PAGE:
Wikipedia talk:WikiProject Open

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About this talk page
This page is a discussion forum for WikiProject Open, WikiProject Open Access, Communicate OER, and the online course Writing Wikipedia Articles. WELCOME! If you haven't used a wiki talk page before: ask a question or make a new comment by clicking "new section", or to reply to somebody else's comment, click "edit" its section header below, and add your comment to the bottom. Always put four tildes (~~~~) at the end of your comment (this creates a signature and time stamp). Or watch the 3 minute video to the right!
Some other ways to connect
  • Email: Join our email list, or browse its archives. Please discuss anything related to openness and Wikipedia.
  • Chat: You might find other project members on the Freenode IRC network in the #OER or #WikiProjectOpen channels. (These are only very lightly used as of March 2014!)


found redirect deletion notice, fwiw[edit]

Popular pages report[edit]

We – Community Tech – are happy to announce that the Popular pages bot is back up-and-running (after a one year hiatus)! You're receiving this message because your WikiProject or task force is signed up to receive the popular pages report. Every month, Community Tech bot will post at Wikipedia:WikiProject Open/Popular pages with a list of the most-viewed pages over the previous month that are within the scope of WikiProject Open.

We've made some enhancements to the original report. Here's what's new:

  • The pageview data includes both desktop and mobile data.
  • The report will include a link to the pageviews tool for each article, to dig deeper into any surprises or anomalies.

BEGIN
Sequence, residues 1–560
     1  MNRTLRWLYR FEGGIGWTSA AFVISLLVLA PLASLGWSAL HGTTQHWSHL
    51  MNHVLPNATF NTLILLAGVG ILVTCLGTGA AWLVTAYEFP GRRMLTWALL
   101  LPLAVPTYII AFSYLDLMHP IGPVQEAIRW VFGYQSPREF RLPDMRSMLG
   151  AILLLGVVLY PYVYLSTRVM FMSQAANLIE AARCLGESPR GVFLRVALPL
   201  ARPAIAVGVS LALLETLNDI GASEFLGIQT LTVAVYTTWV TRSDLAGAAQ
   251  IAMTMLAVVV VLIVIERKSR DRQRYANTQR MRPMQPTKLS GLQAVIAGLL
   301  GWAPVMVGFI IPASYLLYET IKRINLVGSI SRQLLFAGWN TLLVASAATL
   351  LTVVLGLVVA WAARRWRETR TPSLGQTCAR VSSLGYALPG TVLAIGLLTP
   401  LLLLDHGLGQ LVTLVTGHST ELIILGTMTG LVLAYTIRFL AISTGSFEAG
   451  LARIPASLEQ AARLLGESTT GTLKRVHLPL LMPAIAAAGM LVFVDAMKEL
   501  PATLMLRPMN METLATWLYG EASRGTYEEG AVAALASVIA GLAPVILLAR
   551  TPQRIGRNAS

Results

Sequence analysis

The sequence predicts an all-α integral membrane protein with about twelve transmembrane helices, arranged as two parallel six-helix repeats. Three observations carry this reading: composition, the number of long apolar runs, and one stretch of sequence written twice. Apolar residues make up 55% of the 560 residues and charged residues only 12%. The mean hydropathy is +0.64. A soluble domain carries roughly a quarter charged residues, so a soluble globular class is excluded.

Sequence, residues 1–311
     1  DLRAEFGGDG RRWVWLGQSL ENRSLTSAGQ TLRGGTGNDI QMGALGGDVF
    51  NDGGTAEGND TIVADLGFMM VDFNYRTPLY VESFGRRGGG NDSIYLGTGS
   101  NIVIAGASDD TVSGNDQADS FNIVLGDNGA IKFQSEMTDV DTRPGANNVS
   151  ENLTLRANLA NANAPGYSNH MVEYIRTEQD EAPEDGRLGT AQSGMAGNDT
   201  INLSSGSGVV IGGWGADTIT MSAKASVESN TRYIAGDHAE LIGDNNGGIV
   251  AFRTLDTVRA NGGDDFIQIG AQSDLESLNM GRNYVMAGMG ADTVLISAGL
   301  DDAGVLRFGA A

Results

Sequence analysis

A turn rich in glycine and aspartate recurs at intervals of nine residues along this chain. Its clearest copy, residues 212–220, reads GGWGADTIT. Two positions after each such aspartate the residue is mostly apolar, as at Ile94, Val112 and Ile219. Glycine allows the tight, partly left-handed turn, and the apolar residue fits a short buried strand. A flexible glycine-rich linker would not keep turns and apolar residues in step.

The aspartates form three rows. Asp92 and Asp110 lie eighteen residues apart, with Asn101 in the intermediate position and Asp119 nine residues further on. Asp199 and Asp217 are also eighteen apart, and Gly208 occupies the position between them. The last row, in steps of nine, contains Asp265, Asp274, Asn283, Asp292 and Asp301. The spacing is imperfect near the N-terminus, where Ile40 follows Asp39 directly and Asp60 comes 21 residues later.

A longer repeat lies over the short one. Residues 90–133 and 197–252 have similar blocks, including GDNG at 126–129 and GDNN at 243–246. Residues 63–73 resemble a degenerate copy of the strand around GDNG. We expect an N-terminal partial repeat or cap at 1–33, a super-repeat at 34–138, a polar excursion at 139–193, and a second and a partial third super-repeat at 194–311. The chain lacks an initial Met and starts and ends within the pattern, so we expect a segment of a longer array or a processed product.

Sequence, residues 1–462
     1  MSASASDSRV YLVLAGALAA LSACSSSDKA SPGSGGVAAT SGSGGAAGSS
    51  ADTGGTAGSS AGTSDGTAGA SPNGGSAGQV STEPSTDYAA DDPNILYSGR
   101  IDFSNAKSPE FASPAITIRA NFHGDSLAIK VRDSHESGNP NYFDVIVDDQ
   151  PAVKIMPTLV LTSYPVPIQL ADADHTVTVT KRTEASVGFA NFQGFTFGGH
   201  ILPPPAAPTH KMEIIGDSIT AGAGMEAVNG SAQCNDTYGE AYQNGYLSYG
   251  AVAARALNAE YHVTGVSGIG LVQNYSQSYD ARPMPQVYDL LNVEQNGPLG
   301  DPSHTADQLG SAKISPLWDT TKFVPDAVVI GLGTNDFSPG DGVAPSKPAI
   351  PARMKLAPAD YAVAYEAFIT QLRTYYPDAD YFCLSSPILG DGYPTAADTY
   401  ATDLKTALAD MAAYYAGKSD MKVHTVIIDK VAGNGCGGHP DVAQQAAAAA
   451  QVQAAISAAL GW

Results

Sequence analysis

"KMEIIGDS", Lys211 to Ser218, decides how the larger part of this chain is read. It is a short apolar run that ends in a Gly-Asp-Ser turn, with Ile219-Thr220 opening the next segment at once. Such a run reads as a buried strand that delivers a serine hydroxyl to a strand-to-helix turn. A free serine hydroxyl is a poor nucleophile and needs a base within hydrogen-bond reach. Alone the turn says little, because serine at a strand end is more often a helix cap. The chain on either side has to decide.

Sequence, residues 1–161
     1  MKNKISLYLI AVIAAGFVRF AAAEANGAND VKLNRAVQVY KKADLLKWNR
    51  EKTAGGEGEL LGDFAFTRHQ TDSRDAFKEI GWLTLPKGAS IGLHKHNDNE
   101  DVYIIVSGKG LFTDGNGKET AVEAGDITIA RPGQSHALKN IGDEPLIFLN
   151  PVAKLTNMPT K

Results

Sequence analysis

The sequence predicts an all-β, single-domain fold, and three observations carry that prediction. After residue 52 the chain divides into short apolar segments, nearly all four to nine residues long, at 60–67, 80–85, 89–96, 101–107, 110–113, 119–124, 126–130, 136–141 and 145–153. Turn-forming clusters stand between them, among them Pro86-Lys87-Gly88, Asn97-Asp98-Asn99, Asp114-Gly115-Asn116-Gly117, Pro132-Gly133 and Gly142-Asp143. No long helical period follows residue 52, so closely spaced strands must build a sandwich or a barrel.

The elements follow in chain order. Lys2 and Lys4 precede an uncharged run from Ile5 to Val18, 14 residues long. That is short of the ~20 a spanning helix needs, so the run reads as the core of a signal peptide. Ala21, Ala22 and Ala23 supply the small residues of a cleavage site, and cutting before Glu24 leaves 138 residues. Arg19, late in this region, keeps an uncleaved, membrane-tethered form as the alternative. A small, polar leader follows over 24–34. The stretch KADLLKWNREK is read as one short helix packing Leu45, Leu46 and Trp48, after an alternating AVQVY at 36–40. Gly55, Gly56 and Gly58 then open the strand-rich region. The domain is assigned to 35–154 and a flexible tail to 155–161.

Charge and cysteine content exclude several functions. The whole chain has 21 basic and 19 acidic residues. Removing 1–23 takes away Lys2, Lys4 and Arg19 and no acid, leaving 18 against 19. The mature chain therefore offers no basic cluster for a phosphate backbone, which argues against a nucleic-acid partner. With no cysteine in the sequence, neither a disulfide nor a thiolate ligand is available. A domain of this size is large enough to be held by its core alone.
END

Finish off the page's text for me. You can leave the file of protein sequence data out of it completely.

• The report will include the total pageviews for the entire project (including redirects).

We're grateful to Mr.Z-man for his original Mr.Z-bot, and we wish his bot a happy robot retirement. Just as before, we hope the popular pages reports will aid you in understanding the reach of WikiProject Open, and what articles may be deserving of more attention. If you have any questions or concerns please contact us at m:User talk:Community Tech bot.

Warm regards, the Community Tech Team 17:16, 17 May 2017 (UTC)

Proposal regarding WP:PAYWALL (WP:V)[edit]

Discussion at: Wikipedia_talk:Verifiability#Encouraging_accessibility

Current

Some reliable sources may not be easily accessible. For example, an online source may require payment, and a print-only source may be available only in university libraries. Do not reject reliable sources just because they are difficult or costly to access. If you have trouble accessing a source, others may be able to do so on your behalf (see WikiProject Resource Exchange).

Suggested (new)

Some reliable sources may not be easily accessible. For example, an online source may require payment, and a print-only source may be available only in university libraries. Do not reject reliable sources just because they are difficult or costly to access. If you have trouble accessing a source, others may be able to do so on your behalf (see WikiProject Resource Exchange).